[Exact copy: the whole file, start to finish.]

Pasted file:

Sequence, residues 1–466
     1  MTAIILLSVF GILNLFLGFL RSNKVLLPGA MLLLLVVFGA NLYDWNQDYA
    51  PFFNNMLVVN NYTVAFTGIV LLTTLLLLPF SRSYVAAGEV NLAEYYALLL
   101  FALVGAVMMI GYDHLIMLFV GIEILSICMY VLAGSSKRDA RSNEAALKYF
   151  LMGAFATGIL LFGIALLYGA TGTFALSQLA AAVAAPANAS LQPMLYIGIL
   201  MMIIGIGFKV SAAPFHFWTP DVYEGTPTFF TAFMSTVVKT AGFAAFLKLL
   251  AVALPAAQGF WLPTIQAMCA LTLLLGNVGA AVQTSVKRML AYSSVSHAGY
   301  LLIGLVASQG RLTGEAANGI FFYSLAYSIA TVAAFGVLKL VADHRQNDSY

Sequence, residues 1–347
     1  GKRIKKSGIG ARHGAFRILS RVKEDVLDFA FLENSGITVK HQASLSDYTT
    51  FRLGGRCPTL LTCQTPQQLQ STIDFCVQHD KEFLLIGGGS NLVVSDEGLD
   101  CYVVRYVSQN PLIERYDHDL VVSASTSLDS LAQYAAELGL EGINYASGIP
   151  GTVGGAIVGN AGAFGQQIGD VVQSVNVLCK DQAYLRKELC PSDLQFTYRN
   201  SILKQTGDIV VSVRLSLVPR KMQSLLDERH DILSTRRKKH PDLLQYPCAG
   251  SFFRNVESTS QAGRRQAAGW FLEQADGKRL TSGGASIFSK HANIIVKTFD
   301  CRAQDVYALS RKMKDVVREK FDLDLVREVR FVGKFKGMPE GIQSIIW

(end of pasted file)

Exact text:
Sequence, residues 1–466
     1  MTAIILLSVF GILNLFLGFL RSNKVLLPGA MLLLLVVFGA NLYDWNQDYA
    51  PFFNNMLVVN NYTVAFTGIV LLTTLLLLPF SRSYVAAGEV NLAEYYALLL
   101  FALVGAVMMI GYDHLIMLFV GIEILSICMY VLAGSSKRDA RSNEAALKYF
   151  LMGAFATGIL LFGIALLYGA TGTFALSQLA AAVAAPANAS LQPMLYIGIL
   201  MMIIGIGFKV SAAPFHFWTP DVYEGTPTFF TAFMSTVVKT AGFAAFLKLL
   251  AVALPAAQGF WLPTIQAMCA LTLLLGNVGA AVQTSVKRML AYSSVSHAGY
   301  LLIGLVASQG RLTGEAANGI FFYSLAYSIA TVAAFGVLKL VADHRQNDSY

Sequence, residues 1–347
     1  GKRIKKSGIG ARHGAFRILS RVKEDVLDFA FLENSGITVK HQASLSDYTT
    51  FRLGGRCPTL LTCQTPQQLQ STIDFCVQHD KEFLLIGGGS NLVVSDEGLD
   101  CYVVRYVSQN PLIERYDHDL VVSASTSLDS LAQYAAELGL EGINYASGIP
   151  GTVGGAIVGN AGAFGQQIGD VVQSVNVLCK DQAYLRKELC PSDLQFTYRN
   201  SILKQTGDIV VSVRLSLVPR KMQSLLDERH DILSTRRKKH PDLLQYPCAG
   251  SFFRNVESTS QAGRRQAAGW FLEQADGKRL TSGGASIFSK HANIIVKTFD
   301  CRAQDVYALS RKMKDVVREK FDLDLVREVR FVGKFKGMPE GIQSIIW